This book describes the author's experiences in walking Hadrian's Wall from Newcastle to Bowness, to the west of Carlisle. You don't need to know anything about the Romans to enjoy this book - a particular strength of the writing is in putting historical and archaeological research in terms any reader can understand. For example, he explains that the best remains of the Wall are now in the centre of the country because so much of it has been pulled down to be used in other buildings. Some stretches of it were cleared to be used as the first proper east-west road in the area: the wall foundations unfortunately made ideal road foundations as well!
Only about half the book is actually about the Romans: a better title might have been "A Walk Through Hadrian's Wall Country" as the author recounts stories about people he meets on route. In fact, he seems more interested in human nature than in the Wall at some points as he recounts being questioned by one B&B owner about how much another is charging, or in revealing rivalries within the archaeological community, or the different layers within Northumberland aristocracy.
If all this sounds very dull, don't worry: it is all handled with a light touch and actually makes the area more interesting because a particular theme is how the local people relate to the Wall, whether they think it is a blessing or a curse, what they know about it, and so on. It's also important because for about 20-25 miles on either end of the Wall there isn't a whole lot to see because so much stone has been taken away for other buildings: if it were purely about the Wall, this book would be about half the length.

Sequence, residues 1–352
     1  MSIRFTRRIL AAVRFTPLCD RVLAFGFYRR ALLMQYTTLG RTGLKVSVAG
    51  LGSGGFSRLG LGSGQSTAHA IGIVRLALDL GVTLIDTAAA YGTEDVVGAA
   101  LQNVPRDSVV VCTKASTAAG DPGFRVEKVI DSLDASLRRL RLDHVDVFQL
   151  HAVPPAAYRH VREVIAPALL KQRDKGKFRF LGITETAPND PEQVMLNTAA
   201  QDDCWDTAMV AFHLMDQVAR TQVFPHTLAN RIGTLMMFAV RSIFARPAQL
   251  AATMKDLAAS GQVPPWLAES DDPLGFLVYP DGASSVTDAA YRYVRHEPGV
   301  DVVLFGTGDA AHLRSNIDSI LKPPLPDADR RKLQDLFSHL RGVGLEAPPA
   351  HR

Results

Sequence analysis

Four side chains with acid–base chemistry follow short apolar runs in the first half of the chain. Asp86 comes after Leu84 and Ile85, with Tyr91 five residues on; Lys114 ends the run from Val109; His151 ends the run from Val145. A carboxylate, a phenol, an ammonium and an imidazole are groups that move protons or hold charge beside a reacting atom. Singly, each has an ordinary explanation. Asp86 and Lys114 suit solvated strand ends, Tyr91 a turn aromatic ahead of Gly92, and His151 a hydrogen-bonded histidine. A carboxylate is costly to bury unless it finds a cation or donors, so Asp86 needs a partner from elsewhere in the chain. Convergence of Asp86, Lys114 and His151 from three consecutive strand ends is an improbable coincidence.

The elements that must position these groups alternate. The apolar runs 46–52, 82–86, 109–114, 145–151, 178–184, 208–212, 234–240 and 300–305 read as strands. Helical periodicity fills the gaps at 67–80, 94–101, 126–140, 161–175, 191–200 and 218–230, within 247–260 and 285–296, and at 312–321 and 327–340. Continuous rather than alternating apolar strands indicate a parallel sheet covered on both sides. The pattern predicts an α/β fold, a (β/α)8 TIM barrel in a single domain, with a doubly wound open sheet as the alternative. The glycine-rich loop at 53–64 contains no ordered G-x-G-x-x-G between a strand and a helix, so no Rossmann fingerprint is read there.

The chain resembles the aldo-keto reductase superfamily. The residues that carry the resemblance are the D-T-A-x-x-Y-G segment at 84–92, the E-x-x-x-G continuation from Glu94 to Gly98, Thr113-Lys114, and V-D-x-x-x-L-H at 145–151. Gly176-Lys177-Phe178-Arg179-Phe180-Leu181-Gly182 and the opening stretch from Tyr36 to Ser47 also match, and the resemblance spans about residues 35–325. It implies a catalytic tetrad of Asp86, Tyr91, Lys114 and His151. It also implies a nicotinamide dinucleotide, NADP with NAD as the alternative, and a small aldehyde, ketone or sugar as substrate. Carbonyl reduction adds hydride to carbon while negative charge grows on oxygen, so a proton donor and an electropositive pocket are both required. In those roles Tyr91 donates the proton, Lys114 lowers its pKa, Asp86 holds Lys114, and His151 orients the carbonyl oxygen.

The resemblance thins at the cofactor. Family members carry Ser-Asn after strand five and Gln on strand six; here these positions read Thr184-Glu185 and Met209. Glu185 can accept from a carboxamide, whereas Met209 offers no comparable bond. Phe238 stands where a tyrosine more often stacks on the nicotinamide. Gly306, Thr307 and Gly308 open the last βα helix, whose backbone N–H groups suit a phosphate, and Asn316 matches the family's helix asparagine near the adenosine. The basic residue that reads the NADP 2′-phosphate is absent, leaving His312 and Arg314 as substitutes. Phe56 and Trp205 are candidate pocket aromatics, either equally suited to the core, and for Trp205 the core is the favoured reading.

Another of the book's charms for the reader of today is that it was written in 1974. On one level this is quite frustrating when you don't know how an excavation that was just starting will finish up or how a local dispute was settled. On the other hand it is (like the archaeology) another level of history: the modern reader is finding out about the 1970s as well as Roman times. This extends from the very fledgling tourist industry of the time to the local gentry (mainly ex-majors in the Guards in the war - the second world war that is), through finds when the M6 was being built and even shipyards in Wallsend. And, of course, there are the comical prices of things - when the author wants admittance to a farmyard to see a fragment of Wall he is charged 5 pence! And in the Appendix he lists accommodation and say if you want to spoil yourself you could spend £9 at a Newcastle hotel, but on the Wall itself you are likely to spend 60 pence a night at a youth hostel!
I'd love to read Davies' update but with Davies helping Wayne Rooney with his "autobiography" I suspect he publisher would give the job to one of the numerous unfunny "comedy" travel writers. Maybe soem things are best left as they were, just like the Wall!
To try to summarise I don't think this book would make a good companion as you were walking the Wall: there aren't enough maps and there is no index. It's ideal if you are thinking about walking the Wall or just interested but don't want to read a historical book.